What was it like to meet your heroes?

It was surprising to be in the same world they were. When I was part of the Animals, we went on after Chuck Berry in a New York show. What do you mean, I have to follow Chuck Berry?! But that’s the way it was at the time, and it taught me a lot about the energy I have to put out in order to captivate people.

Was “River Is Rising” inspired by Fats Domino during Katrina?

I saw this incredible photo of him being pulled out of the slime and sludge. They had put a cross on his door, which meant that everybody inside is dead. But Fats Domino was just taking his afternoon nap. I wanted to write about Katrina, but I needed a catalyst, and I’ve always thought of him as one of the kings of New Orleans—he’s the real thing, and I’ve always loved his music.

Is the younger generation part of your audience today?

Most certainly—especially in Europe, but in the U.S. too, now that I’m getting more exposure, thanks to Mr. Bruce Springsteen. I’m doing a lot of onstage Q&As, and some of those asking questions are young kids wondering what they should do to move forward in the music world. And I tell them, “Get a better job.”

Why the discouragement?

When I wrote “27 Forever” I was thinking of it as a warning to young kids like Justin Bieber. One minute they’re normal kids and the next minute they’re thrust into this madness. How are they going to deal with it? You’re idolized, and then it goes away and you’re back tending bar.

What attracted you to the blues?

It became my religion. It elevated an awareness of the strength of the human spirit. We were fascinated by the exotic, erotic feel that could be gotten out of three chords and a backbeat and learning to sing in that style.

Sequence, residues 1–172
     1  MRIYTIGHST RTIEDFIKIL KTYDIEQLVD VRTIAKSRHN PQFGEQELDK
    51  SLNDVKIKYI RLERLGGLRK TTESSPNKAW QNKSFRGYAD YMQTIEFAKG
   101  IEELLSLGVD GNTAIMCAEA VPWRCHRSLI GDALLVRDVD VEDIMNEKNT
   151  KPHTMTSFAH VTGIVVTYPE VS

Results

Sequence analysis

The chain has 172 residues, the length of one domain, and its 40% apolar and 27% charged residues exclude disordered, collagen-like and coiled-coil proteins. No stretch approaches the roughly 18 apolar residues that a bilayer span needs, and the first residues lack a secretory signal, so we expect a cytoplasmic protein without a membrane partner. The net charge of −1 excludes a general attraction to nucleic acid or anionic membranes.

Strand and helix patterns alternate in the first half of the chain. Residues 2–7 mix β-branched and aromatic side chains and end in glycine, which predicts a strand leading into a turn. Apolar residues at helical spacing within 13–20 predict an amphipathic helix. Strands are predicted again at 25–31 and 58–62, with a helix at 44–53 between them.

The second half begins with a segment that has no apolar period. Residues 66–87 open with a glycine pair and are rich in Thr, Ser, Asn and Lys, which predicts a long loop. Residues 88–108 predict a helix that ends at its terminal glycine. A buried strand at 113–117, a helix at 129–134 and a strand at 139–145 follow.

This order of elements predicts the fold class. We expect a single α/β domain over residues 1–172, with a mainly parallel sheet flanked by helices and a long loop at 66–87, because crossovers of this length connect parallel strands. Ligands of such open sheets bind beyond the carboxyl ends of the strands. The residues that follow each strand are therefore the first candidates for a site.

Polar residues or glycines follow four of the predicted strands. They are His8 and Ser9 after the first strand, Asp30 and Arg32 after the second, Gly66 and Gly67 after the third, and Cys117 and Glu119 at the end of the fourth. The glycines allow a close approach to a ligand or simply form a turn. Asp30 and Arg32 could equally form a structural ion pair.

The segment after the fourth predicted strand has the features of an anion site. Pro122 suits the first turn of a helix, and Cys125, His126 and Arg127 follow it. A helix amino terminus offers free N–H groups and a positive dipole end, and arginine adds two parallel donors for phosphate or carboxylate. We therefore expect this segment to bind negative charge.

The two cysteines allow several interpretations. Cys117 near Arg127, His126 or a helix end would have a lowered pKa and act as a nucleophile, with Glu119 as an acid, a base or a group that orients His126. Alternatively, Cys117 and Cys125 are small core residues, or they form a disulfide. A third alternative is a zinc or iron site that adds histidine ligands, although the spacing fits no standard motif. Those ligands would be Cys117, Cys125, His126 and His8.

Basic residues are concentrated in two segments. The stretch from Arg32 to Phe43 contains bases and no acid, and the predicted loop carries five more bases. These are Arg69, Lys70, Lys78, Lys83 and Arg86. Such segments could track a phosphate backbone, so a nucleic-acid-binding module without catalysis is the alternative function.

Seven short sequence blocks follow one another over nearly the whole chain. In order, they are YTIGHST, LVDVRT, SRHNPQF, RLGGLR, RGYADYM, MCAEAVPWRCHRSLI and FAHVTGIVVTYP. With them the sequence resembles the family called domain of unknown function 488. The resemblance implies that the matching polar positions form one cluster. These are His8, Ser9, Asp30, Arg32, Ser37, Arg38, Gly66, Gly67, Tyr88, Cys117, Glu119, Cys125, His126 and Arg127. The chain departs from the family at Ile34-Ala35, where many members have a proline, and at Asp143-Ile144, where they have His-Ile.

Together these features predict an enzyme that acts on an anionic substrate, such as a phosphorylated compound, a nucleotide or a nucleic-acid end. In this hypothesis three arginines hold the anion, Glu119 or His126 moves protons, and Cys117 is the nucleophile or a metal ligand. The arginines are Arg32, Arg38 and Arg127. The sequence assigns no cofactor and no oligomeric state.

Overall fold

How did “House of the Rising Sun” become the Animals’ first hit?

I had been listening to “Rising Sun” in folk clubs in Newcastle for quite some time. Then I found it on Dylan’s first album and realized there were more lyrics than I ever knew existed. When we did a Chuck Berry tour, everybody was trying to out-rock Chuck Berry, and I thought, “Let’s take this song, ‘House of the Rising Sun,’ and stick it in the middle of the show.” It worked great because the audience remembered us.

Why did you reform the Animals in 1966 to embrace psychedelia?

I got high! My first visit to San Francisco was with Chuck Berry back in 1964, and when we arrived I went straight downtown to the hungry i nightclub to see Lenny Bruce. Everybody was in black—the beatnik look. Then I came back and it was like somebody had taken paint and splashed it all over the walls. The change had arrived.

How did you connect with War in 1969?

I took some time to drive to Mexico, and when I got back I signed up for the Actors Studio in Hollywood for about a year. I met these guys who said to me, “What are you doing in the Actors Studio? You’ll never make it here. You have to do what you’re best at, and that’s sing. We’ll find a band for you.” They scouted around and found War. I chopped them down to size, and then we went on the road.

What do you think of today’s music?

There’s some really great stuff out there. There wasn’t much a few years ago, but it’s picked up. I like the Black Keys and Bruno Mars.

–Jeff Tamarkin